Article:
6 ways Charleston County Schools is bringing students back

Charleston County's younger students were among those who struggled most with online and remote learning
By: | May 28, 2021
Educators in the Charleston County School District are prioritizing family outreach in their efforts to get students to return to classrooms this summer and fall.Educators in the Charleston County School District are prioritizing family outreach in their efforts to get students to return to classrooms this summer and fall.

Charleston County School District classrooms refilled more quickly this year at schools where long-term principals maintained close ties to the community.

This school year, administrators in the South Carolina district also set up community learning pods so families nervous about COVID still had access to in-person, small-group instruction, Chief Academic Officer Karolyn Belcher says.

In the process of setting up the pods, administrators learned a lot more about each family’s challenges—from lack of internet to food insecurity, Belcher says.

“We learned not to make assumptions about what was limiting kids in coming back to school,” she says.

To encourage more students to return, the district has launched K-8 summer programs that will combine academics with afternoon enrichment activities in arts, music, dance and STEM.

Educators are working to recruit about 3,000 students who are at risk of failure and who didn’t consistently log in or complete assignments this school year. “We’re very excited that we’re seeing a high level of interest because schools have reached out personally,” she says.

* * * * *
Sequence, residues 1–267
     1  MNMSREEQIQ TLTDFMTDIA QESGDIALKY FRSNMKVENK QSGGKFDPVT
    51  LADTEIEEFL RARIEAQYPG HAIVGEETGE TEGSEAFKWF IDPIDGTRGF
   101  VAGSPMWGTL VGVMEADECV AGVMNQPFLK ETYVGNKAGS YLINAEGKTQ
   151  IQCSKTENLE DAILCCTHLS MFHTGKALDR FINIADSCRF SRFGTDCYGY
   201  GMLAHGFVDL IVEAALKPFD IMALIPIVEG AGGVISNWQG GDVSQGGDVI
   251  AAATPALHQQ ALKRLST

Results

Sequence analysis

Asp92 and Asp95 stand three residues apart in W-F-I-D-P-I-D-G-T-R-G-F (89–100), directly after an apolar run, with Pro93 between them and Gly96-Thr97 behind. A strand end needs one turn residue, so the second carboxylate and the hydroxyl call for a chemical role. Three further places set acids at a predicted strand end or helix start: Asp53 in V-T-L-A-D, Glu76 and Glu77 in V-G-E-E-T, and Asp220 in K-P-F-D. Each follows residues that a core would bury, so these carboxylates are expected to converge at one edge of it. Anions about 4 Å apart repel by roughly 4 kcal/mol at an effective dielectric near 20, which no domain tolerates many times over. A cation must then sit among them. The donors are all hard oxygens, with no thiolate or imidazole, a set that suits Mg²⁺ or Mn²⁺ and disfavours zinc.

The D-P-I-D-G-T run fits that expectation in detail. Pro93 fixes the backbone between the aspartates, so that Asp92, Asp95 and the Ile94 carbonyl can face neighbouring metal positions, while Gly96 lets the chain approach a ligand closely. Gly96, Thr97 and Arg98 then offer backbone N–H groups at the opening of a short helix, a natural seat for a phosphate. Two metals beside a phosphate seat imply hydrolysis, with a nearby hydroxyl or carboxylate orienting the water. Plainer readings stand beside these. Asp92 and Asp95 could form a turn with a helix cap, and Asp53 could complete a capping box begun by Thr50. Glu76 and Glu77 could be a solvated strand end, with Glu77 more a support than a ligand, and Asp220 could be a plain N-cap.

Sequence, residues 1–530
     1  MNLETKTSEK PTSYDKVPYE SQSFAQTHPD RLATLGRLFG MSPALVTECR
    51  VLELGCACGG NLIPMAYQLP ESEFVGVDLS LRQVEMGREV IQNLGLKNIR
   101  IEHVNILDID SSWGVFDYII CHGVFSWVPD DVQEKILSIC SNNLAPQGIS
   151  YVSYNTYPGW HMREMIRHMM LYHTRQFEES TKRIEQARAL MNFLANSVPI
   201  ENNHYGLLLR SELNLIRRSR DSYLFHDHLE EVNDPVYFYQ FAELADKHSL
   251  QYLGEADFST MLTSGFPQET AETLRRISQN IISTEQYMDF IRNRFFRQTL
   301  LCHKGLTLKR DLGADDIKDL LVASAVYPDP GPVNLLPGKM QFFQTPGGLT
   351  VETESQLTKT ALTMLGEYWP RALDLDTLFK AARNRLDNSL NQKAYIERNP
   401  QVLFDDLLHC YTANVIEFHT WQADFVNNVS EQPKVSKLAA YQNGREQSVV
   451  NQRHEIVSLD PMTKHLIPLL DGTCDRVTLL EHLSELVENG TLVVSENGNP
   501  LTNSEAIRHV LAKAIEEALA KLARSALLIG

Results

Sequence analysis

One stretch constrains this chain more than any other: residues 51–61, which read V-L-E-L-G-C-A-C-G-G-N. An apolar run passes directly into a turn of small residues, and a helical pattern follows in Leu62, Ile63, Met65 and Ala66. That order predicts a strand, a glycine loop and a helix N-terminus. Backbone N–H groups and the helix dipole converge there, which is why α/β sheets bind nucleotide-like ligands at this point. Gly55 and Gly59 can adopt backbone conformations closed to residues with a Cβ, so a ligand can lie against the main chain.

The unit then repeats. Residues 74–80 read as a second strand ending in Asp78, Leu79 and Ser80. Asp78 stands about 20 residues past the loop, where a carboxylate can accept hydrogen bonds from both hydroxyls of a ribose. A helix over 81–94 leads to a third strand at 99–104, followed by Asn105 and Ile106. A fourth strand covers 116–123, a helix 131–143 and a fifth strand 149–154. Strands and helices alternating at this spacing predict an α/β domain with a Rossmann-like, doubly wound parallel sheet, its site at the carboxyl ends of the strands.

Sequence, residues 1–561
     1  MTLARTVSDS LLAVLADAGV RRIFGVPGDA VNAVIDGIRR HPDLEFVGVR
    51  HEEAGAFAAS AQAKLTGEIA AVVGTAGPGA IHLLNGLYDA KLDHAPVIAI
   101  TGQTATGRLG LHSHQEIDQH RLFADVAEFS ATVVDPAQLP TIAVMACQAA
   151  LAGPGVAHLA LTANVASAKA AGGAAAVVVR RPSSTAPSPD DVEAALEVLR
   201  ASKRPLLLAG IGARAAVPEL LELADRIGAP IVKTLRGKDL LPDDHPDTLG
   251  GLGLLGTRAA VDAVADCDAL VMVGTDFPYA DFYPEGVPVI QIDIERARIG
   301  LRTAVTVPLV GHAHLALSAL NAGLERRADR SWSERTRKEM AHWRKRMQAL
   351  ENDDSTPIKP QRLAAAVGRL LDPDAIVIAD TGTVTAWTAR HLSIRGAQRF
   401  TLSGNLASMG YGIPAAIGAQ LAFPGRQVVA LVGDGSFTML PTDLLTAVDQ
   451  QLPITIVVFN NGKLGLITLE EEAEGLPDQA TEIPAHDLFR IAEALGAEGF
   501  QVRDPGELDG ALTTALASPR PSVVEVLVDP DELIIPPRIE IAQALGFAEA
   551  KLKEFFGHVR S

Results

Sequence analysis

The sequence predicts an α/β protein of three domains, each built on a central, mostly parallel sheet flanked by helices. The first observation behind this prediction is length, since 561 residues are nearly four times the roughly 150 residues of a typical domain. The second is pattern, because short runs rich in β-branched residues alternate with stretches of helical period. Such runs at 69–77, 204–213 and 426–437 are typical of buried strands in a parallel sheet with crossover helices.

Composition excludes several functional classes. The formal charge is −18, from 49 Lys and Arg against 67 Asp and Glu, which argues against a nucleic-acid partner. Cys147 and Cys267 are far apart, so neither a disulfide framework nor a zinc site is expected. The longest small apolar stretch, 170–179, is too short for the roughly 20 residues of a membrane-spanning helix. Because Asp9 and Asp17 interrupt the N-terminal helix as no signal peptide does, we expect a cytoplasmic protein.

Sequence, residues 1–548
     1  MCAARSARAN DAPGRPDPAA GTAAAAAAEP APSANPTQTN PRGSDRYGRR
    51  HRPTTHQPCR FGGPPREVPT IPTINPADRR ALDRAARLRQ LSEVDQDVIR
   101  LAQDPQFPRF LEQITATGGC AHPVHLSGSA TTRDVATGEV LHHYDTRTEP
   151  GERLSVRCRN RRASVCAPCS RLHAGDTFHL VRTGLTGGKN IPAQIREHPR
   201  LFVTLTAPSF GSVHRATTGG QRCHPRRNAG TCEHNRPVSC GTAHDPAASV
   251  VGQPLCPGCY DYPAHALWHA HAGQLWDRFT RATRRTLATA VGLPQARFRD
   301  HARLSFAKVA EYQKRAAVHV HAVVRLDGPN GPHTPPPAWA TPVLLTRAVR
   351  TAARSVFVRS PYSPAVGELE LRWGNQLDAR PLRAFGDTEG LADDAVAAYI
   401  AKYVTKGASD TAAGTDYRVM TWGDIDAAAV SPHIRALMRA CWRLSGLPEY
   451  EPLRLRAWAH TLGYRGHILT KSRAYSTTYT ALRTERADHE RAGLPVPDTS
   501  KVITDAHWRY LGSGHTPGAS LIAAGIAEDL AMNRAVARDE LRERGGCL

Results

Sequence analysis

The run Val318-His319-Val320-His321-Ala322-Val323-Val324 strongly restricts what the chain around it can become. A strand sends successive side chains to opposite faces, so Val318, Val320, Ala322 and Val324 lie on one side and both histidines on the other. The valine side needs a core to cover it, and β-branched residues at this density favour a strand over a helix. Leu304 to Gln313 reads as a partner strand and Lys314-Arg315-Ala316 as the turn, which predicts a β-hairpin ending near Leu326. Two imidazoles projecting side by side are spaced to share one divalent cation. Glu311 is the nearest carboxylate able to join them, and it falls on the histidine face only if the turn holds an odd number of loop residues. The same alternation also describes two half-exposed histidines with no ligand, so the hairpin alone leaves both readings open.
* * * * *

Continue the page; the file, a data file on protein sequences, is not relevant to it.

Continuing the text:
Middle schools are using ESSER funds to give raises to teachers willing to work during summer school. “We want to attract the best, most talented and effective teachers to work with the kids who need them most,” Belcher says.

As teachers get their rosters for summer school, they are also reaching out to connect with families, she adds

Preschool push

Like in many districts, Charleston County’s younger students were among those who struggled most with online and remote learning, says  Kimberly Foxworth, the executive director of Early Childhood Readiness Programs.

COVID forced the district to limit preschool capacity while some families held children out of kindergarten. The district is now sending staff members into its communities to encourage families to register for kindergarten and first grade.

Once students enroll, teachers and support reach out to help begin the transition and gauge how prepared each student is to begin school, Foxworth says.

District staff also work to connect families of young students to community services.

Foxworth also hopes the districts can soon hold socially distanced open houses so families can tour schools and observe safety precautions. “It’s all about relationships in getting families to trust the school district,” she says.